Learning Transfer: Improve Your Knowledge Daily
Learning Transfer: By Art Markman on October 21, 2011 | Via Smart Blog on Leadership, smartblogs.com
This guest post is by Art Markman, a professor of psychology and marketing at the University of Texas at Austin, executive editor of the journal Cognitive Science and a member of the editorial board of Cognitive Psychology. Follow him on Twitter at @abmarkman.
Knowledge is a key driver of business success. Innovative ideas emerge when people are able to apply their knowledge to new problems. Unfortunately, in the modern business environment, the desire to learn new things is often trumped by the need to respond to the next item on the to-do list. There are no shortcuts to having high-quality knowledge, but effort spent learning new things effectively repays itself handsomely in the long run.
Here are five things you can do to maximize the quality of your knowledge.
- Stop and organize. At the end of a meeting, don’t leave your memory for what was discussed up to chance. When a meeting ends, don’t whip out your smartphone to check your e-mail, respond to a text or call your next appointment. Instead, take a minute to review the three main issues that came up in the meeting. This brief review helps to solidify your memory for what just happened.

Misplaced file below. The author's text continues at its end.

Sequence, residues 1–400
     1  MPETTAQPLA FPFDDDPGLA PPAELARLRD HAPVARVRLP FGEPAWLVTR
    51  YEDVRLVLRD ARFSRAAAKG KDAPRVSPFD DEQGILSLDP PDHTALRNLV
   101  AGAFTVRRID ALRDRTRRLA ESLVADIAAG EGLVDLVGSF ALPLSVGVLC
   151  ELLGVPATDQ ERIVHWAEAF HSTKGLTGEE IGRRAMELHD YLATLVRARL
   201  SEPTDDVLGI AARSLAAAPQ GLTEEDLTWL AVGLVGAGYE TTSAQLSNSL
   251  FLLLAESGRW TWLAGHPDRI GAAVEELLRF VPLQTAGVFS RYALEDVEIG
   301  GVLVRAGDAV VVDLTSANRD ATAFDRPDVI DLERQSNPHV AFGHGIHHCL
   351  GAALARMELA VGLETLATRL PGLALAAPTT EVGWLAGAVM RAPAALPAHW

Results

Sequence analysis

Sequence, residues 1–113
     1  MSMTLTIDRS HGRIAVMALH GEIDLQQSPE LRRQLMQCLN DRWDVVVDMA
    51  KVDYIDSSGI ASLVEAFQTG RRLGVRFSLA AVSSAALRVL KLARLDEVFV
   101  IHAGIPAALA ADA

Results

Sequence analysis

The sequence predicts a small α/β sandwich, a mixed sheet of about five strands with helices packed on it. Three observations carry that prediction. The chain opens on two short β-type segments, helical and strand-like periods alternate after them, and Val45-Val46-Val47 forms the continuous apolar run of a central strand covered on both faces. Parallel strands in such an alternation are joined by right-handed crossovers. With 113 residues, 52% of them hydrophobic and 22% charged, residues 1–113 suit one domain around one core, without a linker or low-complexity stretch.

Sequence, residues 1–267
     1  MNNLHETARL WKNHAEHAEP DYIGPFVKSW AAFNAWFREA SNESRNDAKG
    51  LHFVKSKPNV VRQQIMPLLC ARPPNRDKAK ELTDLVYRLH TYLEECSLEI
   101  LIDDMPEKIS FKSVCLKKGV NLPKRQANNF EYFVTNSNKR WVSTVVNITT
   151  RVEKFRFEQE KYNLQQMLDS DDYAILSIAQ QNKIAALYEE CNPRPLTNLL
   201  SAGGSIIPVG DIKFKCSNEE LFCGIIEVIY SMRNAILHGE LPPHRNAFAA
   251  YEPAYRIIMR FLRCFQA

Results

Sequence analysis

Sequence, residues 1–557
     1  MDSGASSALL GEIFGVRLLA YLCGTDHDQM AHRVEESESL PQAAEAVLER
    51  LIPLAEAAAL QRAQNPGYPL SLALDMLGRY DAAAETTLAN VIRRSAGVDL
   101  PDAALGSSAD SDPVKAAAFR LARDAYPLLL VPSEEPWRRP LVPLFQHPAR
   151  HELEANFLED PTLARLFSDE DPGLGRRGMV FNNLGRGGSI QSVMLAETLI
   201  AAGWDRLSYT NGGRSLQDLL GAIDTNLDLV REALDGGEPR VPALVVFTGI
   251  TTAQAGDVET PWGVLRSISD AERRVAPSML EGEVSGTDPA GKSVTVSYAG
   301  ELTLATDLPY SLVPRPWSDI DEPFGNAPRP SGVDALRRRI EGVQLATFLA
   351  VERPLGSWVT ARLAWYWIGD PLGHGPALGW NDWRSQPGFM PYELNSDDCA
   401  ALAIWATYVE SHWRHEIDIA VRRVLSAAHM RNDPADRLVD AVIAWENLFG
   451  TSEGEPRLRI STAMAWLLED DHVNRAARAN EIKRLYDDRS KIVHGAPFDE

- Give yourself permission to learn new things. Being away from your computer for even an hour can cause your e-mail queue to build, not to mention the phone messages and the tweets you missed. But learning something new is hard work and can’t be done while you’re sharing your time with ongoing correspondence. At least once a week, spend some time in a quiet place reading new material, watching a video with professional education, or listening to an audiobook.
- Be here now. Multitasking is the bane of modern existence. You cannot maximize the quality of your knowledge if you are doing two things at once. The modern world may promote multitasking, but that doesn’t mean that people are getting better at it. Worse yet, the areas of your brain that would help you to monitor your own performance are tapped to their limit by multitasking. So, you’re your own worst judge of your ability to multitask. Don’t try to improve your multitasking ability. Just focus on the task at hand.
- Explain things to yourself. When you hear a really good speaker, it is easy to start nodding and to believe that you completely understand what she’s talking about. Likewise, reading a good article gives you the illusion of expertise. To make sure you really understand what you just encountered, take a few minutes to explain it to yourself. That is an easy way to reveal the gaps in your understanding.
- Ask questions. It is amazing how often people use words that you just don’t understand. I don’t mean people who are deliberately trying to impress you with their massive vocabularies. I mean the buzzwords that slip into everyday business communication. When you find that your understanding of a key point is blocked by one of these words, ask a question. It is better to clarify a new idea quickly than to walk around with a low-quality explanation in your head.
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